3. By the Marquis of Kildare (afterwards fourth Duke of Leinster). I cite the fourth edition (1864). Compare the version in Burke's Peerage (1902).
  4. The authority given for this statement is 'Sir William Dugdale,' but Dugdale's Baronage is silent on the subject. With scrupulous accuracy he began the pedigree with 'Walter FitzOther' in Domesday Book (1086).
  5. The reference for this is 'Gherardini Papers, MS.'
  6. In the same way, at a later time, did the Warwickshire Feildings discover that their name was derived from Rheinfelden, and that they were an exiled branch of the house of Hapsburg.
  7. This date, of course, is wholly erroneous.
  8. All these extracts are taken from Mr. Meehan's appendix.
  9. Walterus filius Oteri, castellanus de Wildesore, reddidit abbati Faritio duas silvas, vocatas Virdelæ et Bacsceat, apud Winckefeld, nostram villam, quæ pertinuerant ecclesiæ Abbendoniæ; sed eas per prædecessores hujus abbatis, videlicet Adeldelmum et Rainaldum hucusque tenuerat. Hanc redditionem primo apud castellum Wildesores abbati eidem reddidit; et deinde ad nativitatem Sancte Marie [8 Sept.] uxorem suam Beatricem, cum filio suo Willelmo, Abbendoniam transmisit, ut quod ipse domi fecerat ipsi Abbendoniæ confirmarent (ii. 132).
  10. In The Earls of Kildare (p. 2) and in Burke's Peerage it is given as 'Gladys, daughter of Rhiwallon ap Cynfyn, Prince of North Wales'.
  11. For King Henry left England in 1116, and Eudo Dapifer was dead before his return.
  12. 'Henricus rex Anglie Willelmo filio Walteri et Croco venatori et Ricardo servienti et omnibus ministris de foresta Windesores salutem. Sciatis me concessisse Deo et Sanctæ Mariæ de Abbendona totam decimam de venatione quæ capta fuerit in foresta de Windesora. Testibus Roberto episcopo Lincolniæ et Eudone dapifero apud Bruhellam' (ibid. ii. 94). 'Bruhella' was Brill (Bucks).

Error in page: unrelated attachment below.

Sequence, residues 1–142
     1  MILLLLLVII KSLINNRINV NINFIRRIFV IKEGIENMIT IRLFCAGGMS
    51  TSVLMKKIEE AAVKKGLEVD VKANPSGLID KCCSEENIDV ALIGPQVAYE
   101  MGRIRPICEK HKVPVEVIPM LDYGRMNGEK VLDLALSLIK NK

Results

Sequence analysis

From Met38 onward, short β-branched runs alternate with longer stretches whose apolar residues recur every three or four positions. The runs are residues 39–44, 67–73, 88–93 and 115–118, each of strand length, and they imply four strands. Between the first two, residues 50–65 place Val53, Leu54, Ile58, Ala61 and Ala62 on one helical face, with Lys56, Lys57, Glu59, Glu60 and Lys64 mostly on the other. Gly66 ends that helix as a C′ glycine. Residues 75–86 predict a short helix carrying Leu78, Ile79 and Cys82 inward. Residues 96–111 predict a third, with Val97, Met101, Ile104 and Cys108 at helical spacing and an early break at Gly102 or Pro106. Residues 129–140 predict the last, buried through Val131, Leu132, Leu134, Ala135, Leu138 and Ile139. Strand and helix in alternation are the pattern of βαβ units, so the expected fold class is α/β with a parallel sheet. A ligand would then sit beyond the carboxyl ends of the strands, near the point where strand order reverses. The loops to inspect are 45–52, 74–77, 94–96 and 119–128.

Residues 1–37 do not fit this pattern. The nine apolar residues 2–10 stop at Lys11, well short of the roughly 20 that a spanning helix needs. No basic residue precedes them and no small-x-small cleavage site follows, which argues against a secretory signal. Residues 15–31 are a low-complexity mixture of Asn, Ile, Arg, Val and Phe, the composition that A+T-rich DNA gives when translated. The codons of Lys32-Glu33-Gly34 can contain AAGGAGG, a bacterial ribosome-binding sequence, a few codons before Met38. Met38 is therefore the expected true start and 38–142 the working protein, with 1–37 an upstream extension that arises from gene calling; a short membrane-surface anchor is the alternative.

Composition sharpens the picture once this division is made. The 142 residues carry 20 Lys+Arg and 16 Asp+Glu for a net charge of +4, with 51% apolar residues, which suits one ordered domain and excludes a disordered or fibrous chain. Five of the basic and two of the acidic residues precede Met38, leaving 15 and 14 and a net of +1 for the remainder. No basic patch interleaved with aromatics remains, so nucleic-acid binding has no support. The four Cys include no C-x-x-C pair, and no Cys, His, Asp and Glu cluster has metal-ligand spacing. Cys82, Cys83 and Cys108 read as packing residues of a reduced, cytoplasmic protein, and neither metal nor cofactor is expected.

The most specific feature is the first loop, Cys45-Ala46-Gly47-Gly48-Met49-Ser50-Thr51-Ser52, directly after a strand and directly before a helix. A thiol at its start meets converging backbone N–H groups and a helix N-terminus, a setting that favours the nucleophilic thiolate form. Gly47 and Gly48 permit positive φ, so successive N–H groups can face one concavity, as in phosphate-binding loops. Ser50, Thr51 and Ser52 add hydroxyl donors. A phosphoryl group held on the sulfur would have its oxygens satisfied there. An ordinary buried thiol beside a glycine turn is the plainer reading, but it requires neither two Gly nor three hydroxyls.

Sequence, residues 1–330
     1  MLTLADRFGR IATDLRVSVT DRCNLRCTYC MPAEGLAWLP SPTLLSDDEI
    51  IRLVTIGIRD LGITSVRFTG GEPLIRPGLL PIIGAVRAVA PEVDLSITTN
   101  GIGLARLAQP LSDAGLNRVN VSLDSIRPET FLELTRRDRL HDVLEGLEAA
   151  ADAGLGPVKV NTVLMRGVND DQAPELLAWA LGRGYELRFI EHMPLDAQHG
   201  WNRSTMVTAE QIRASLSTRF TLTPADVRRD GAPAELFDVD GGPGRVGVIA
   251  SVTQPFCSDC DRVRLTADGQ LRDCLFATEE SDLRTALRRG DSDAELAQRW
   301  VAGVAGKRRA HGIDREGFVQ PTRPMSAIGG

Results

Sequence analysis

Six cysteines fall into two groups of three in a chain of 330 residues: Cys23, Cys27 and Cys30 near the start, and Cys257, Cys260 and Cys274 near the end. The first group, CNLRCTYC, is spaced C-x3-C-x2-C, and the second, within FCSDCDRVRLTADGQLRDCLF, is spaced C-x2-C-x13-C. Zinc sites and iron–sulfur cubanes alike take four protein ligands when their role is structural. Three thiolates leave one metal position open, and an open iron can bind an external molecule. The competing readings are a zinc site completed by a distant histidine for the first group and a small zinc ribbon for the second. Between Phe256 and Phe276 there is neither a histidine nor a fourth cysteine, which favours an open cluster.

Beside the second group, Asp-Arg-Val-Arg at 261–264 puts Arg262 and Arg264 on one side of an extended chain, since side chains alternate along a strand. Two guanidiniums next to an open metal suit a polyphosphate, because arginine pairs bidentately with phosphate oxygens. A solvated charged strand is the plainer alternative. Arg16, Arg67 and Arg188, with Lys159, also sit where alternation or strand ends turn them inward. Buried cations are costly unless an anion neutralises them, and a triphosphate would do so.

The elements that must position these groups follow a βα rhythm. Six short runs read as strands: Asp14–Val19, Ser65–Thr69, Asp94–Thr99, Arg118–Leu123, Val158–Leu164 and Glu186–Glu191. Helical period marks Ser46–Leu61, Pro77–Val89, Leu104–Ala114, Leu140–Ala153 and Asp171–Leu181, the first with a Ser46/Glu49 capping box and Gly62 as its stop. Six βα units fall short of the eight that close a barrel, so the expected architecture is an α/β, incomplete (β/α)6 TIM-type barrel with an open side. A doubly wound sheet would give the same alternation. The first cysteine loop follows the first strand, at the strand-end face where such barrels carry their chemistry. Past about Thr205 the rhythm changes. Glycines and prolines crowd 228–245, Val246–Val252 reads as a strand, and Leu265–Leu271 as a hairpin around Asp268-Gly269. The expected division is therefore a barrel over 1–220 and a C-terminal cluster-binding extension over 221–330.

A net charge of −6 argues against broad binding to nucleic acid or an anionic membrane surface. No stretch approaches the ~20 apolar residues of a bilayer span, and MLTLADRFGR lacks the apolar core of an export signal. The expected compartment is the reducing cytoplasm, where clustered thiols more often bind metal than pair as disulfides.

13. It is worth noting that the Bull of Pope Eugenius III. (1146) in favour of Salisbury confirms to the church of Salisbury 'decimas omnes de venatione regis in episcopatu Sarisberiensi, excepta venatione illa quæ capta erit cum stabilia in foresta de Windresores' (Sarum Documents, p. 12), this having been granted to Abingdon, as shown in the text. Compare Monasticon Anglicanum vi. 1295.
  14. See The Victoria History of Hampshire.
  15. See Ellis's Introduction to Domesday, i. 403, and Monasticon Anglicanum, vi. 1295. The names of Bishop Osmund and Walter 'Hosatus,' with that of Croc himself, show that both charters are of the same date. Ellis wrongly assigns the Malmesbury one to the Conqueror. Croc himself gave ten pounds a year in rents and tithes to the church of Salisbury (ibid. p. 1296).
  16. Great Roll of the Pipe, 31 Hen. I. p. 127.
  17. Geoffrey de Mandeville, p. 163.
  18. 'quod Willelmus filius Walteri et hæredes sui habeant custodiam castelli de Windesh[ores] et omnia sua tenementa sicut ipse Willelmus et antecessores sui eam habuerunt de rege Henrico patre meo et antecessoribus ipsius' (ibid. p. 169).
  19. 'Sciatis me reddidisse et concessisse Willelmo de Windesoriis totam terram que fuit Willelmi filii Walteri patris sui et Walteri filii Otheri avi sui. … Testibus Willelmo fratre meo et comite Reginaldo et Jocelino de Baillil apud Windesorias.' As the pedigree gives with this charter transcripts of the extracts from the Empress Maud's charter, of the charter of Henry II. in favour of his cousin William FitzRobert FitzWalter, and of the fine of 9 Ric. I., all of which are quite accurate, its authority is excellent.
  20. Red Book of the Exchequer, p. 350.
  21. See Morant's History of Essex, ii. 232, 233, and the Monasticon (under Wix), where the charter is printed.
  22. 9th Report Historical MSS. App. i. p. 34.
  23. 'de feodo quod tenet de Ricardo de Monte Fichet' (Red Book of the Exchequer, p. 66).
  24. See the fine in Feet of Fines 9 Ric. 1. (Pipe Roll Society), p. 110. It is of much importance for topographical history and corrects the account given in Dugdale.
  25. 'Henricus rex Angliæ Waltero filio Walteri de Windresore salutem. Sciatis quod concedo Faritio abbati et ecclesiæ Abbendoniæ terram illam et domum de Windresores, quæ fuit Alberti, sicut Rainerius earn sibi concessit. Teste Rogero Bigod apud Londoniam' (ii. 132).
  26. The Commune of London and other studies, pp. 36–8.